Even though commutes on the south Red Line will be shortened by up to 20 minutes when the track-replacement project is completed and slow zones are lifted late next year, many affected riders, from Chinatown to the Roseland communities, couldn’t help but worry Monday about the upcoming pain.

Lucinda Myles said slow zones caused by deteriorated track have made the ride unbearable. Trains must travel at speeds as slow as 15 mph on 40 percent of the Dan Ryan branch because of deteriorated track.

The track project “is going to be a pain,’’ said Myles, 33, a daily Red Line rider who works in the food industry, “but in the end service will hopefully be better.’’ She said she will figure out another way to commute for five months.

The need for the track reconstruction, which also serves as a precursor for the planned extension of the Red Line from 95th to 130th streets whenever federal funds are made available, prompted other aldermen in addition to Sawyer to line up behind the five-month timetable to cease service.

“I’m not excited about the inconvenience residents are going to have, but I am excited about the all new rails and permanent jobs and 100 additional buses to accommodate commuters,” said Ald. Anthony Beale (9th), chairman of the City Council's Transportation and Infrastructure Committee.

Stretching out the repairs over four years would “set the Red Line extension back,” Beale said.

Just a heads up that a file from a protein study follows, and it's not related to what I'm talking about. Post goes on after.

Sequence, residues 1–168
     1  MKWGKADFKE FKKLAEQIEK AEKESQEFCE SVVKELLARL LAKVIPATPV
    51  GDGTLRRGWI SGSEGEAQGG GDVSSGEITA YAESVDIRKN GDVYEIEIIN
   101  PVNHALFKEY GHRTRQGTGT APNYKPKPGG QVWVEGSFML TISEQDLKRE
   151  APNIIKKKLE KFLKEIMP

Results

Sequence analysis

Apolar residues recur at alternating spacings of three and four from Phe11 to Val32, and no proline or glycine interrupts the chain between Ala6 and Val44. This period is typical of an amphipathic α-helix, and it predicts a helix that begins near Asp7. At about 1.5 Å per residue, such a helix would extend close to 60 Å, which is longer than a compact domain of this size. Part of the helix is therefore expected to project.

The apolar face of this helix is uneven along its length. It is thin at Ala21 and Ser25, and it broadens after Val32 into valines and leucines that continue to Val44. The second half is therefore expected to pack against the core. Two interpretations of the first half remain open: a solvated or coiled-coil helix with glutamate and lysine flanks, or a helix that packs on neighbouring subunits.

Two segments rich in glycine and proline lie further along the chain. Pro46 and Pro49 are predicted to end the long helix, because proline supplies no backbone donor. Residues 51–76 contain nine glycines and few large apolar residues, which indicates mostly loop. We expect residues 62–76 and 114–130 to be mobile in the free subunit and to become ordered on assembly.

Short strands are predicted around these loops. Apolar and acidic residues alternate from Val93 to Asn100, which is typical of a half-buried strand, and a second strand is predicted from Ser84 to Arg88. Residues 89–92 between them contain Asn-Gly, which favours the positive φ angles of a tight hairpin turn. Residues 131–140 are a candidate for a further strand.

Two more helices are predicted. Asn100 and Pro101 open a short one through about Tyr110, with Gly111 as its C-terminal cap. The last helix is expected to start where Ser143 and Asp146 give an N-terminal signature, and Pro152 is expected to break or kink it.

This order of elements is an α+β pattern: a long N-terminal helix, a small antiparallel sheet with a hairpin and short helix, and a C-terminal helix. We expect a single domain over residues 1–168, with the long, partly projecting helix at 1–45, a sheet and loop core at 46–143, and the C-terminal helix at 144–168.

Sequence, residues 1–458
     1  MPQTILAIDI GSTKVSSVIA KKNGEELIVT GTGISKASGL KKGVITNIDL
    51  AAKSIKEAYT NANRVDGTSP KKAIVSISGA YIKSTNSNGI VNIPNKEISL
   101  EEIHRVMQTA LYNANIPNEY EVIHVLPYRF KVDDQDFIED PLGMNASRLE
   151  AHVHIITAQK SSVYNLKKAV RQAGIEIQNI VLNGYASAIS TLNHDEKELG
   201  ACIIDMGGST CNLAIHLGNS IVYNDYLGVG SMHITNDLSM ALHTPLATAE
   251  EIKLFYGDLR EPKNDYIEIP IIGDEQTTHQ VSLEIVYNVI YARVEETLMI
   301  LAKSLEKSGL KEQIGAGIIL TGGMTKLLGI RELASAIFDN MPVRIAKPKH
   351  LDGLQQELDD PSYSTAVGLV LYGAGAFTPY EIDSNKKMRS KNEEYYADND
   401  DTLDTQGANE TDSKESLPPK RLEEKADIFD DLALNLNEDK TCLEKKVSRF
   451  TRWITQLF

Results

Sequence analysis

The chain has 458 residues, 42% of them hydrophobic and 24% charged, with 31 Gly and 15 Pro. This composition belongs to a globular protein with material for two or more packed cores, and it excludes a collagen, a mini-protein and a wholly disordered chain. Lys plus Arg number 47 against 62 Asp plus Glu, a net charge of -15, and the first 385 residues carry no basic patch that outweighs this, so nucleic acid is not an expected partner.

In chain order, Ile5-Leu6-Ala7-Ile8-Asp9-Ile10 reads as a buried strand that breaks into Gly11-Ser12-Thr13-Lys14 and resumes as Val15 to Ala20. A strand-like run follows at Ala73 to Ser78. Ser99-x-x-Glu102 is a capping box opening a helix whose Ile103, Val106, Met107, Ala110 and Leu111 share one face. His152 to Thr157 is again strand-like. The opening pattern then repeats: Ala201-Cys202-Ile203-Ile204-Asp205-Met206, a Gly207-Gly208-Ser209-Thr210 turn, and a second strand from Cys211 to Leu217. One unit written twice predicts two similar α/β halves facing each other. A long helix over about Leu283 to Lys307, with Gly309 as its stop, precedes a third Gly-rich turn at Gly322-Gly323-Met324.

The track modernization will help foster economic development and build the case for the estimated $1.4 billion Red Line extension, “but we remain watchful to unwarranted cost over-runs and a disagreeable service delivery plan for South Siders during the five-month shutdown of the Red Line south leg,’’ said John Paul Jones, a community organizer with the non-profit Developing Communities Project.

The Red Line track project follows a 2006 project on the south branch that upgraded signals, a portion of the power system and included some work on tracks and stations.

The strategy to close the 43-year-old Dan Ryan branch for the overhaul marks only the second time in many years that the CTA will shut a whole branch or line.

In 1994, the Green Line was closed for more than two years for a $300 million rehabilitation. Several stations were closed permanently after the Green Line reopened in May 1996. The station closings were intended to streamline service by eliminating some closely spaced stops, but many riders were riled. It took several years for ridership to rebound after the Green Line reopened, as many commuters found alternative ways to travel and abandoned the rail service.

More recently, the CTA kept the Brown Line running on the North Side during a $530 million project to modernize stations and extend platforms to accommodate longer trains. Portions of the Blue Line to O’Hare International Airport were temporarily closed during track replacement work a few years ago, but the line remained open. In addition, a station upgrade project that is just beginning at seven North Side stations involves closing only one station at a time, officials said.

Beale said the CTA learned from its mistakes during the projects on the Green and Brown Lines.

But Ald. Robert Fioretti (2nd) said he still wants to see numbers to determine whether it’s truly beneficial to fast track the repairs and whether the alternative transportation provided to commuters will be adequate.

Tribune reporter Naomi Nix contributed

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